The resolution failed to muster the minimum nine "yes" votes required in the council for adoption.
What does the new draft resolution submitted on December 29 call for?
The motion received eight "yes" votes, including from Russia and France, two "no" votes from the United States and Australia, and five abstentions.
Riyad Mansour, Palestinian ambassador to the UN, criticised the world body for the failure of the vote.
"The Security Council has once again failed to uphold its charter duties to address this crises and to meaningfully contribute to a lasting solution in accordance with its own resolutions," Mansour said.
"This year, our people under Israeli occupation endured the further theft and colonisation of their land, the demolition of their homes, daily military raids, arrests and detention of thousands of civilians including children, rampant settler terrorism, constant affronts to their human dignity and repeated incursions at our holiest sites."
Following the vote, the US, Israel's closest ally, reiterated its opposition to the draft resolution.
Samantha Power, the US ambassador to the UN, said the resolution undermined efforts to "achieve two states for two people".
"It is deeply imbalanced and contains many elements that are not conducive to negotiations between the parties including unconstructive deadlines that take no account for Israelis legitimate security concerns," she said.Palestinian statehood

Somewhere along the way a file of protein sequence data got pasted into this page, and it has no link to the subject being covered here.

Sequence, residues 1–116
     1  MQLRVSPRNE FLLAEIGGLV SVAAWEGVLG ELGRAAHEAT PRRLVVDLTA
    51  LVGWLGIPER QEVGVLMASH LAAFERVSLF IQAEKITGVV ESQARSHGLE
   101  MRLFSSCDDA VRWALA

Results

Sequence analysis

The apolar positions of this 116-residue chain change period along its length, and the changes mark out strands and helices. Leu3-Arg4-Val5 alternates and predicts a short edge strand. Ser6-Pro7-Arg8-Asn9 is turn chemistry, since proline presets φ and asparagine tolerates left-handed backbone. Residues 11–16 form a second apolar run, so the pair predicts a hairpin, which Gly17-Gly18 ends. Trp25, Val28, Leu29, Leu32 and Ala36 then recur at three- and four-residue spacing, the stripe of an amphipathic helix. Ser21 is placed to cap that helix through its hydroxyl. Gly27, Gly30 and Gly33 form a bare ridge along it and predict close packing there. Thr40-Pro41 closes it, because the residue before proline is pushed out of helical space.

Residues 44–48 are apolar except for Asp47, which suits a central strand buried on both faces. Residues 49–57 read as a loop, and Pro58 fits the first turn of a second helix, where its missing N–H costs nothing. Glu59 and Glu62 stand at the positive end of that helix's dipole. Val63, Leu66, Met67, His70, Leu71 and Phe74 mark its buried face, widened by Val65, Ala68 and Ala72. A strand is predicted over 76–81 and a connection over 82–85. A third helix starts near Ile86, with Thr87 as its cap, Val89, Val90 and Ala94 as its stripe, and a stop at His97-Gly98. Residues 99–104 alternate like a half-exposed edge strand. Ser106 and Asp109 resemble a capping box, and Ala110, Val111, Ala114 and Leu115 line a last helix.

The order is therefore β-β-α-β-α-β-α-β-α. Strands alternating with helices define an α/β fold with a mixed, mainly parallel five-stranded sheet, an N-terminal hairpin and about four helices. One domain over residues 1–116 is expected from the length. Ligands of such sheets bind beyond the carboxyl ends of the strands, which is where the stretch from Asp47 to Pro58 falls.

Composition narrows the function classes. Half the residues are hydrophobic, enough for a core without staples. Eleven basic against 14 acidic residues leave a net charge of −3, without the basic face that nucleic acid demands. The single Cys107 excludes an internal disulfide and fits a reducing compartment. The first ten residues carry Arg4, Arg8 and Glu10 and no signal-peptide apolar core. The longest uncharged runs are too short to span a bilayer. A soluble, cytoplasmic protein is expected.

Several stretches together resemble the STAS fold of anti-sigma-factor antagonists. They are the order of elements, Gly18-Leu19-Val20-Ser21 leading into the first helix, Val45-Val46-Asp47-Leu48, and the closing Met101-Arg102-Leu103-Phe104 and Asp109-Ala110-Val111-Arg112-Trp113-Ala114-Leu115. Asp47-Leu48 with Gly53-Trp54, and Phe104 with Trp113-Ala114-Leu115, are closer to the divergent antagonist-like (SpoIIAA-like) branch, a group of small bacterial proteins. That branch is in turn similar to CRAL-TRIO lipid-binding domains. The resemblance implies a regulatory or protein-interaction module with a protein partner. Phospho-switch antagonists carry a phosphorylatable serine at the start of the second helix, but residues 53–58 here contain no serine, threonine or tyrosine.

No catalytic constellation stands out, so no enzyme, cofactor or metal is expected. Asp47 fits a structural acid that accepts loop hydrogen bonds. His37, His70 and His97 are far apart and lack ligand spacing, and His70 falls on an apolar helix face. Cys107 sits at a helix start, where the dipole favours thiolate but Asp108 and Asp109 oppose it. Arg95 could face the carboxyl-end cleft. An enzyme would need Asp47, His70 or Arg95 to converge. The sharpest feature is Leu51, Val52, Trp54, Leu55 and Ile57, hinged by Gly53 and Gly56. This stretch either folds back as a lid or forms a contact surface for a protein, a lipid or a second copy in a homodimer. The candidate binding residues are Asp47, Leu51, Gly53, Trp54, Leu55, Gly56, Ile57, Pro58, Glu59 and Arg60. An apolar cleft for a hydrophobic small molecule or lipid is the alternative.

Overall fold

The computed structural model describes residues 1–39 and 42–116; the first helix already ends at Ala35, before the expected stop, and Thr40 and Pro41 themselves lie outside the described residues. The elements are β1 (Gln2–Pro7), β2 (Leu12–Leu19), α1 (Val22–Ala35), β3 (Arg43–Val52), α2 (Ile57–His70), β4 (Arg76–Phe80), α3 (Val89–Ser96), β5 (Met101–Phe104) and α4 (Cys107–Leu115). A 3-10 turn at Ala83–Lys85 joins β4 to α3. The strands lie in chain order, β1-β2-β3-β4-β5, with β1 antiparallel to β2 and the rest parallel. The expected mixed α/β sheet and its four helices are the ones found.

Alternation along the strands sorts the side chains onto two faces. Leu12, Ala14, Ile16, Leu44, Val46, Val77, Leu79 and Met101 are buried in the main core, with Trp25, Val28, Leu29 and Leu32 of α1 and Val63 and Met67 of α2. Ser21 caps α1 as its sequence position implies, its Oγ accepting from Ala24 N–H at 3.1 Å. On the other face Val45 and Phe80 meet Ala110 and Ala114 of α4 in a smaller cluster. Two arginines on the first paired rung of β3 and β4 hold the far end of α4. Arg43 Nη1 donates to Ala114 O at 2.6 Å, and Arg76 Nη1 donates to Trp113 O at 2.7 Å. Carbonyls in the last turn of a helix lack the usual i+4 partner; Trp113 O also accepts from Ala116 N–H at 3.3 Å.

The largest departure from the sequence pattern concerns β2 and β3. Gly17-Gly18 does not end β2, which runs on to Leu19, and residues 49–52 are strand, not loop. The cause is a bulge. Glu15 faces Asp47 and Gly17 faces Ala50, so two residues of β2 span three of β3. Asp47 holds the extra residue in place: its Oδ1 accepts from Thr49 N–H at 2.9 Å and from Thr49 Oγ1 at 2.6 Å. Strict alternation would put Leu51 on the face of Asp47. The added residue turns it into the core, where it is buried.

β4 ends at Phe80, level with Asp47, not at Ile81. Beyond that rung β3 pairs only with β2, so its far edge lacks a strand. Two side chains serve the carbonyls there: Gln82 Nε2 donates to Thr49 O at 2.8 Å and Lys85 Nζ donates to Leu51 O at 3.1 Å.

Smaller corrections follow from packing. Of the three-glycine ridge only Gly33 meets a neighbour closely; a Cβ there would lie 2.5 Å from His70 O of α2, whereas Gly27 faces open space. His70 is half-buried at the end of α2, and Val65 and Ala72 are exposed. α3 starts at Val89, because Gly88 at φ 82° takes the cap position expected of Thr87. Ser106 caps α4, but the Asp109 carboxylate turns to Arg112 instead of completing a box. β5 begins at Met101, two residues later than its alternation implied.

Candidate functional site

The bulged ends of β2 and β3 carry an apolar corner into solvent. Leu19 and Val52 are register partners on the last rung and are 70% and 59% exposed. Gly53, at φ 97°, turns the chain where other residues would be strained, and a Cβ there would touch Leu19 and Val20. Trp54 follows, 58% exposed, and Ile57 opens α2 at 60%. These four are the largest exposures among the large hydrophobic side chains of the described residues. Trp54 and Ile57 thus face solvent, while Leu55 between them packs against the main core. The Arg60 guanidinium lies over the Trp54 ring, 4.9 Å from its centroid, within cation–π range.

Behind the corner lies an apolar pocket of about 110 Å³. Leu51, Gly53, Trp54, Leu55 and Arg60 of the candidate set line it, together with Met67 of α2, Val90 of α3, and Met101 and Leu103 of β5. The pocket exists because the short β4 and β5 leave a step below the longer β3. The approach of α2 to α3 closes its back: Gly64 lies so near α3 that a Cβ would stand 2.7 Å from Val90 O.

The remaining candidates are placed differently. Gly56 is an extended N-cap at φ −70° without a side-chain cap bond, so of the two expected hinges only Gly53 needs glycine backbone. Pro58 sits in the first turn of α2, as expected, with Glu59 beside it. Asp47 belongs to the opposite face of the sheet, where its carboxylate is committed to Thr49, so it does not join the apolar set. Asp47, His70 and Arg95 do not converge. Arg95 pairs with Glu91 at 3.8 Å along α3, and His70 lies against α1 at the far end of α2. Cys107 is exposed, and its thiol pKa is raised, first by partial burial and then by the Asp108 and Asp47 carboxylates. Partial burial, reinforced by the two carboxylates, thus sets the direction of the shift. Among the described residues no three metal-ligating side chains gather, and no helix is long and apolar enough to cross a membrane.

The resolution, which was submitted by Jordan - currently the only Arab member of the security council -had called for occupied East Jerusalem to be the capital of Palestine, an end to Israeli settlement building and settling the issue of Palestinian prisoner releases.
The resolution also called for negotiations to be based on territorial lines that existed before Israel captured the West Bank, East Jerusalem and the Gaza Strip in 1967.
UN resolution 'not representative' of Palestinians
Israel had said the Security Council vote, following the collapse in April of US-brokered talks on Palestinian statehood, would deepen the conflict.
Ali Abunimah, co-founder of the Electronic Intifada, derided the resolution, telling Al Jazeera it undermined Palestinian rights, including the rights of refugees and the future of Jerusalem.
"This was a terrible resolution which was unaninimously opposed by every major Palestinian faction, it contained so many compromises in an attempt to avoid a US veto that it was weaker than existing UN resolutions," he said.
The Palestinians, frustrated by the lack of progress on peace talks, have sought to internationalise the issue by seeking UN membership and recognition of statehood via membership in international organisations.
Several European parliaments have adopted non-binding motions calling for recognition of Palestine.
The Palestinians had warned that if the UN resolution failed they were prepared to join the International Criminal Court to file suits against Israel.